Transition Design: An approach to addressing wicked problems (and catalysing societal transitions toward more sustainable futures)
Transition Design is a new area of transdisciplinary design focus aimed at addressing complex wicked problems and catalysing transitions toward sustainable, equitable and desirable long-term futures. Terry will discuss how change happens within our complex socio-technical systems and how addressing wicked problems can be a strategy for changing the trajectory of these transitions. Transition Design is a transdisciplinary approach aimed at addressing the many ‘wicked’ problems confronting 21st-century societies: climate change, forced migration, political and social polarization, global pandemics, lack of access to affordable housing/healthcare/education and countless others. These problems are considered systems problems because of their many challenging characteristics such as: every wicked problem is connected to other wicked problems; they are comprised of multiple stakeholder groups with conflicting agendas and no clear shared understanding of the problem; they are constantly changing and evolving; and wicked problems always manifest in place and culture-specific ways. Because of their high level of complexity, wicked problems cannot be solved by a single group of people or discipline. Addressing such problems requires radical collaboration among many fields and disciplines, but even more importantly it requires leveraging the knowledge and perspectives of the stakeholder groups connected to and affected by the problem. Transition Design argues that new transdisciplinary knowledge and skill-sets are required to address these problems, and that wicked problem resolution is a strategy for igniting positive, systems-level change and societal transitions toward more sustainable, equitable and desirable long-term futures. The Transition Design approach emphasises:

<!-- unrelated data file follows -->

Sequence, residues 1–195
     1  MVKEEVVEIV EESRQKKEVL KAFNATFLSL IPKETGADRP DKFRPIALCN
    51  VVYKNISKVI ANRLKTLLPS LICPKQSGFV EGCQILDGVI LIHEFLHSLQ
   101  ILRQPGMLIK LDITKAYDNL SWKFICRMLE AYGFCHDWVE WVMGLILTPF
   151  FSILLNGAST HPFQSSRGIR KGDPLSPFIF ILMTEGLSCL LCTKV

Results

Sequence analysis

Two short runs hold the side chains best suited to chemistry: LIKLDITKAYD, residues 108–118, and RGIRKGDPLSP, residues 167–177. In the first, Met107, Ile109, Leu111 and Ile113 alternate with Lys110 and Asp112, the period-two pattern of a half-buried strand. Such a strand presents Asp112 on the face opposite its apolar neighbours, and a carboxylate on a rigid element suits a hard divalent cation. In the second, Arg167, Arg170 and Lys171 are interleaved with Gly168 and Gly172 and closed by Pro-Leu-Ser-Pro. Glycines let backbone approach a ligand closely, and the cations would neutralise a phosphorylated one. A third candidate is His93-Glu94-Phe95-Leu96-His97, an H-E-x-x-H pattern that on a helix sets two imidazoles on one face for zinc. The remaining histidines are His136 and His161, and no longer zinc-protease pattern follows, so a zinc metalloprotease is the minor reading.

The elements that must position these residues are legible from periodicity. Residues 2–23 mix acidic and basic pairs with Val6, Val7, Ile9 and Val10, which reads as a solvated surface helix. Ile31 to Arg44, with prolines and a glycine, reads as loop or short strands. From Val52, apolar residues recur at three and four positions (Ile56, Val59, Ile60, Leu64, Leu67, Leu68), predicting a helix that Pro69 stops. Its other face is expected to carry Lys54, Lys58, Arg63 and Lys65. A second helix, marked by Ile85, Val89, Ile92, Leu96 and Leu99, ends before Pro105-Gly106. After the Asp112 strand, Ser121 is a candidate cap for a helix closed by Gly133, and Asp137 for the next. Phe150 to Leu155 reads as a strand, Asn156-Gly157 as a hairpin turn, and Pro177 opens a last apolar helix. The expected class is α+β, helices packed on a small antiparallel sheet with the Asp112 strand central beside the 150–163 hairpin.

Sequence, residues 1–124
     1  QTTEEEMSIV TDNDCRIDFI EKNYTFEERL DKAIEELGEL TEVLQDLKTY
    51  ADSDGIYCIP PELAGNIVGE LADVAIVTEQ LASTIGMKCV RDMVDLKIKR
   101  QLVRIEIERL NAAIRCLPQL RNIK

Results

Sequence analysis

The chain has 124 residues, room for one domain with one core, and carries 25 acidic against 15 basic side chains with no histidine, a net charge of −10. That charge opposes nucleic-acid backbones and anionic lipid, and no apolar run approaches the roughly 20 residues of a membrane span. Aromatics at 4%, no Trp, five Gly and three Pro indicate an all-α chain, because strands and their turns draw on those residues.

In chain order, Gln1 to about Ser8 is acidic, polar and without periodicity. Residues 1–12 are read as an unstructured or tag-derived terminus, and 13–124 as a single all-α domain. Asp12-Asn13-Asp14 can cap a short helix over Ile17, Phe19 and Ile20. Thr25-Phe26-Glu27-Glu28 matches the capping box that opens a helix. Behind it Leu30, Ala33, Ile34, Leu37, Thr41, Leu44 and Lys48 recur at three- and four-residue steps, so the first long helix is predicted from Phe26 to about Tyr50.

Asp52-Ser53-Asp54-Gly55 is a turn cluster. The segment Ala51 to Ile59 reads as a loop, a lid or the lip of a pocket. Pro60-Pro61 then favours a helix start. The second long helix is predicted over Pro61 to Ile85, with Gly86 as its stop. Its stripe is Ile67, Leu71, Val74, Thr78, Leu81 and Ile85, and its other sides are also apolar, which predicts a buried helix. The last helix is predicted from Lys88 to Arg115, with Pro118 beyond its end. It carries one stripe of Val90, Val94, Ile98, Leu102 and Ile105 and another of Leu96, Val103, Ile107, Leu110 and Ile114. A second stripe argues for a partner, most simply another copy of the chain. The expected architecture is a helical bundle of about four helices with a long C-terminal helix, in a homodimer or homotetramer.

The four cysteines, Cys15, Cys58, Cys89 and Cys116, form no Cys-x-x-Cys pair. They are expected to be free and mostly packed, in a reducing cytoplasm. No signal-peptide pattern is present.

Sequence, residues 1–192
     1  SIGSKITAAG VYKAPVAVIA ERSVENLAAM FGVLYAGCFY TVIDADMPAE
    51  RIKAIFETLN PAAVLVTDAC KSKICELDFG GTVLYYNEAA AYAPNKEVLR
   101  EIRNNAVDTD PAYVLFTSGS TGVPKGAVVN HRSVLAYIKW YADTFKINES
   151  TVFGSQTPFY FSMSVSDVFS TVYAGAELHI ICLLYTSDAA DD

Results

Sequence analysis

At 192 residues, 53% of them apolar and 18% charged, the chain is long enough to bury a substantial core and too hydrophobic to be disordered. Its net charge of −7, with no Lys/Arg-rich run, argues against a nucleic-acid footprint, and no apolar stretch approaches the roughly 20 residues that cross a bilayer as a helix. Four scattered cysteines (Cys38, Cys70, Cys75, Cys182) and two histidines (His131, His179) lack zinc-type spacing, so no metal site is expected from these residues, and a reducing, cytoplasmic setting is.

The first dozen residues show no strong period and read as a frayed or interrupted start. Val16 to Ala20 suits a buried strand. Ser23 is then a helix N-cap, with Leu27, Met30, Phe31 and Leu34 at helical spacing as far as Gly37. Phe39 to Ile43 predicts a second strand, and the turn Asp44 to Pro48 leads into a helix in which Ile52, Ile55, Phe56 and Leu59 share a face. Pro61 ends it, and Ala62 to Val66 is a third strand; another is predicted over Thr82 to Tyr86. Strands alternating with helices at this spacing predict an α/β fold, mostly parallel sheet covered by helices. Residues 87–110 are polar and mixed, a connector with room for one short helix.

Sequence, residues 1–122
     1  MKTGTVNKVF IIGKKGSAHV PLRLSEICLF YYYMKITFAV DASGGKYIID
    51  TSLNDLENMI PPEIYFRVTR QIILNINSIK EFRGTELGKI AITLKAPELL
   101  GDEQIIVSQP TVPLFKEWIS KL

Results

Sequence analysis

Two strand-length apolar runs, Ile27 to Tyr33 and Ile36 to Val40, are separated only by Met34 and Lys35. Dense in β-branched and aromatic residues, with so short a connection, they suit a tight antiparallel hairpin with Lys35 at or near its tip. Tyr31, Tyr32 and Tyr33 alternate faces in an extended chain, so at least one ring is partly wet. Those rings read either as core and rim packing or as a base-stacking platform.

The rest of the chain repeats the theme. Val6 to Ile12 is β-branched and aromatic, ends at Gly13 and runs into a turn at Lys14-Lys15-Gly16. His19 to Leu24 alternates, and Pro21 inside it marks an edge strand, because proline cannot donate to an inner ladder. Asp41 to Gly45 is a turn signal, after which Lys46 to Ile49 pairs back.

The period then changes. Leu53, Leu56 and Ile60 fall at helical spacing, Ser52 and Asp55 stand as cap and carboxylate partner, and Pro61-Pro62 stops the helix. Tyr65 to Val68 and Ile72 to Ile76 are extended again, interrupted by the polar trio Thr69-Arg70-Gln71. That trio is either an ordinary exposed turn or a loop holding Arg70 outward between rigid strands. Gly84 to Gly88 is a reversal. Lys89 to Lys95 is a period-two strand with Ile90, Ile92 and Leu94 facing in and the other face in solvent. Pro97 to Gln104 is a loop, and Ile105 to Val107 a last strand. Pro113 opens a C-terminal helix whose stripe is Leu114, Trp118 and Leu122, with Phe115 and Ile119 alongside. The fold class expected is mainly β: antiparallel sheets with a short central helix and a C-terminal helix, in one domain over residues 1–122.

• The need to frame problems within radically large, spatio-temporal contexts that include the past (how the problem evolved over long periods of time), present (how the problem manifests at different levels of scale) and future (visions of the long-term future in which the problem has been resolved).
• The need for the stakeholders connected to and affected by the problem to be involved throughout the problem framing, visioning and solutioning process. This challenges many dominant processes in which professional or disciplinary experts from outside the system solve/design “for” the communities affected by the problem(s). Transition Design aspires to continually leverage the knowledge and wisdom from inside the system and build community capacity to self-organise, advocate and problem solve.
• The need for stakeholders to co-create long-term visions of desirable futures, as a way to transcend their differences in the present and focus on a future space in which they are more likely to agree.
• The need to develop “ecologies of synergistic interventions” (solutions) that are connected to each other and the long-term vision as a strategy for transitioning entire societies toward a desirable,
equitable, long-term futures.
• The need to think and work for long horizons of time. Resolving wicked problems and transitioning entire societies toward sustainable long-term futures will unfold over many years or even decades and will require patience, tenacity and an ongoing process of visioning and solutioning to remain on course during the transition.
Transition Design is essentially an approach for appropriately framing these complex problems within more appropriate contexts. Many existing problem solving methodologies and process can be used in
creating the “ecologies of interventions” needed to address them.
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